Hard Core Gratitude

 I don't know who Tim is but I'm thankful for flickr when I don't have the right photo myself. 

I don't know who Tim is but I'm thankful for flickr when I don't have the right photo myself. 

During this post Thanksgiving meal recovery I’ve been reflecting on the practice of gratitude.

The holiday of course is not without its controversy but something I’ve always loved is its association with gratitude (Well, that and the apple pie… and mashed potatoes… and all other deliciousness.). A day dedicated to appreciating all that we have in our lives.

At this point most are probably aware of the benefits of practicing gratitude on a regular basis (not just on Thanksgiving) so I’m not going to bore you with the same info. Reader's Digest version: We feel better when we appreciate what we have.

But what if it’s difficult to find any appreciation for what we have or are dealing with some really terrible, horrible, no good, very bad things?     

Of course it’s easier to be grateful when we have plenty of money, a happy relationship, supportive family, friends, enough food, a comfortable home, a new car.

But sometimes it isn’t. We have everything. We know we should feel grateful for it. But we can’t.

So what’s wrong?

There might be an underlying depression, which makes having positive feelings of any kind difficult.

But if that isn’t the issue the culprit is usually a lack of self-awareness as to what’s truly important to us. We’ve bought into a myth that the source of happiness is outside of ourselves so when we don’t feel happy we have difficulty finding gratitude. 

Gratitude then becomes even more difficult, if not nearly impossible, when we experience death or a breakup or an illness or any number of things we consider to be negative life events.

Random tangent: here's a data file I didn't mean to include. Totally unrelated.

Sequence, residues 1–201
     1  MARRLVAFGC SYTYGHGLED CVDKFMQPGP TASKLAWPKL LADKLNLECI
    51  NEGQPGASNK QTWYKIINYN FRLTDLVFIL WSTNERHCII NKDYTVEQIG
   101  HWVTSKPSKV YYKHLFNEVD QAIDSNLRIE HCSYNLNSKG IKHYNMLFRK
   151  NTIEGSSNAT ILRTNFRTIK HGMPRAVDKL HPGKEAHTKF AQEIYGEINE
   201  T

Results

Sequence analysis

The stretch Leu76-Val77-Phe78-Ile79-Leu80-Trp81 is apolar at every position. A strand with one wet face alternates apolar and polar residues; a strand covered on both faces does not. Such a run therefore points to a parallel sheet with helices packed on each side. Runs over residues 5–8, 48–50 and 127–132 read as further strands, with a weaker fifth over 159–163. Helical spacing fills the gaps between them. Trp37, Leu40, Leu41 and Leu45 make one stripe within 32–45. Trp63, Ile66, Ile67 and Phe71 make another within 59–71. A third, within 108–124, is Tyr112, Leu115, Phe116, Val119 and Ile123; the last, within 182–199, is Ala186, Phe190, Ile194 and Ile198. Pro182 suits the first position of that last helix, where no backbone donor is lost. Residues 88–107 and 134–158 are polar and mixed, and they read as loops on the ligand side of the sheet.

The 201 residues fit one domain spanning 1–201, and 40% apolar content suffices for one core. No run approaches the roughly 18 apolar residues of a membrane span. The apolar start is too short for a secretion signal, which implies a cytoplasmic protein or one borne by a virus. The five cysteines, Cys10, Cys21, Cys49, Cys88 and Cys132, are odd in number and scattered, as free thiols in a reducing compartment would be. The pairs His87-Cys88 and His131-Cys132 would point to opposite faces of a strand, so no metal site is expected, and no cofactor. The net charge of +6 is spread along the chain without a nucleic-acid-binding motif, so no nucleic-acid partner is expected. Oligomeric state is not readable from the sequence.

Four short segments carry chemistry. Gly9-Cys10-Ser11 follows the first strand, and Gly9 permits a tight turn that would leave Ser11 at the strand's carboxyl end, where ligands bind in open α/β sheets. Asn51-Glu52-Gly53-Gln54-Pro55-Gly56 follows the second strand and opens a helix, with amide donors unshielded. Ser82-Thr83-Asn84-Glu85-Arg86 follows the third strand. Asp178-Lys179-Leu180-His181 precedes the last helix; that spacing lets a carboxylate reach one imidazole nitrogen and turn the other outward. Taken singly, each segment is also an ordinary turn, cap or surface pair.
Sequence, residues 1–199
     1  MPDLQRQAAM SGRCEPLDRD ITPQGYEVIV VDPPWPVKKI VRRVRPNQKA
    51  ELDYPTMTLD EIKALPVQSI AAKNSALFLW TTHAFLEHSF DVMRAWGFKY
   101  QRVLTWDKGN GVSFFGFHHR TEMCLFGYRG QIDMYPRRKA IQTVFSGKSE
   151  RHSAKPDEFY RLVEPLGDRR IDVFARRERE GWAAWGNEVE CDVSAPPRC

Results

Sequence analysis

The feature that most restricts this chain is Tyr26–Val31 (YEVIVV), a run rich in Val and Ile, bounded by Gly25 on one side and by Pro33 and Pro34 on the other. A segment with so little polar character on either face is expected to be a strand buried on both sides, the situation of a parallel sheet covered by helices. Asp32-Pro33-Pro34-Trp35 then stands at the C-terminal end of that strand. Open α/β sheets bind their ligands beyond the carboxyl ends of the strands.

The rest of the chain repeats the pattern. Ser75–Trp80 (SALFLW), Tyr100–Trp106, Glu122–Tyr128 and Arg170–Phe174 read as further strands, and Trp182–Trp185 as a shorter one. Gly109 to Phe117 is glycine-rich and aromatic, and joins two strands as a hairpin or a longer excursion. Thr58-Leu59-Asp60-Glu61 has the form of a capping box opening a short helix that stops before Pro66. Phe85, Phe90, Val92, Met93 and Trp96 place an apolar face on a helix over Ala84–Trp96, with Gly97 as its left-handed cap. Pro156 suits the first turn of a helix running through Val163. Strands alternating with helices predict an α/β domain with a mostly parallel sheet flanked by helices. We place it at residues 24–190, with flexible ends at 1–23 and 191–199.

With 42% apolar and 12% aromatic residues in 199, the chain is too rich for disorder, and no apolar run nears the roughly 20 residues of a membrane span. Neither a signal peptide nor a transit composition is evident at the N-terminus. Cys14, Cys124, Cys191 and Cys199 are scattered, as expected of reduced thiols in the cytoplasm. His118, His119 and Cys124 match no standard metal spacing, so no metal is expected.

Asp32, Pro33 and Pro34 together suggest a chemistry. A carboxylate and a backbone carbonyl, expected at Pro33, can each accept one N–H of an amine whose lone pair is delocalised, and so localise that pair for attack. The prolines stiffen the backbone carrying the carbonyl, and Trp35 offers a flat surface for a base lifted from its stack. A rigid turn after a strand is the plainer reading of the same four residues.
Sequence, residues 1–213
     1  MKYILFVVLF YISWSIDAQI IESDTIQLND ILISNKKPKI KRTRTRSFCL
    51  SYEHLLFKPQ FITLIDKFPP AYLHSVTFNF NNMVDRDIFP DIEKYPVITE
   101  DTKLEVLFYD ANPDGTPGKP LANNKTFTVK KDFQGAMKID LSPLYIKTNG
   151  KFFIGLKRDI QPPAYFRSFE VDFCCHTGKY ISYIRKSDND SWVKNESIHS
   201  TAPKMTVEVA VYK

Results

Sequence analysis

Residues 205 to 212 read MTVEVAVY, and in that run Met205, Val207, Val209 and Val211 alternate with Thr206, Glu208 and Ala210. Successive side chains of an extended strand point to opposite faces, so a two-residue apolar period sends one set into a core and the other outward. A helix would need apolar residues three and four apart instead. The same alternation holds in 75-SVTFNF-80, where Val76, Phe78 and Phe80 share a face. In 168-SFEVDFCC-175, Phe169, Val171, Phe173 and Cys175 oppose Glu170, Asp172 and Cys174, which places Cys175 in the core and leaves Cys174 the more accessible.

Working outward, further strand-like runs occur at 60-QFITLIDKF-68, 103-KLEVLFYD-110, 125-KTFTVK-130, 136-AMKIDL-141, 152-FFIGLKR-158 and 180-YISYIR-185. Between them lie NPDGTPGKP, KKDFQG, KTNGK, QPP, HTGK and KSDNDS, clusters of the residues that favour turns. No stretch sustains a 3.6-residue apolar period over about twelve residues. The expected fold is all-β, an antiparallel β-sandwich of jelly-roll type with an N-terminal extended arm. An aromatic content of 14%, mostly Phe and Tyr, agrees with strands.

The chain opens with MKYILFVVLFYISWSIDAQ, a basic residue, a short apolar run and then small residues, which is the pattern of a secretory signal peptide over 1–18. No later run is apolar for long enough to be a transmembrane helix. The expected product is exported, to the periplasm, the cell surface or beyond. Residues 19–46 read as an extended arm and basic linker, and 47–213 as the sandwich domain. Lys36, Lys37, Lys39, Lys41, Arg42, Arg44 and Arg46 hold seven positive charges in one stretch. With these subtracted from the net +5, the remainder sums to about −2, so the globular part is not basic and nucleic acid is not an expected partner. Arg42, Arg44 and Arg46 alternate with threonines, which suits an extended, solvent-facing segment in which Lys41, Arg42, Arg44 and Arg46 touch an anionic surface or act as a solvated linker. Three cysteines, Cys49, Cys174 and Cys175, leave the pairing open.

The reason it’s so difficult is because of the judgment we place onto these events. No one’s going to argue that these events are entirely pleasant but we rarely-if ever-know enough about the process of life to fully judge something as wholly positive or negative. We’ve all experienced a profound loss of some sorts only to end up with something more gratifying.  

So how do we cultivate gratitude when it’s tough?

The Don’ts

Don’t judge: There’s this Taoist story about a farmer and his horse that perfectly illustrates this point.

Don’t compare: We all have a different life journey and everyone goes through ups and downs so try not to want greener grass since it might not be your shade of green anyway. Or it might be part of your journey toward the greener grass.

The Dos

Do seek deeper meaning: People with strong spiritual beliefs often have an easier time with this; however, any of us can remind ourselves that we don’t know everything. And that there may be more meaning or meanings beyond what we initially see. Allow yourself to ask the deeper questions and receive whatever answers may come.

Do go within: Discover your authentic values and motivation. If you’re filling your life up with material items, activities, or people simply because you’re told you should but it doesn’t speak to your soul, gratitude will be very difficult. Values and motivation may also change over time so reflect on this regularly.

Do practice gratitude regularly: Even, or especially, when you don’t feel like it. Fake it til you make it. Building habits doesn’t always feel good but often those feelings come with time and consistent practice.

Gratitude isn’t always easy and it can be especially difficult when navigating life’s challenges. Yet we all encounter these life plot twists and our attitude is often the only tool we have to make it through in one piece. These are a few tools that can help the process.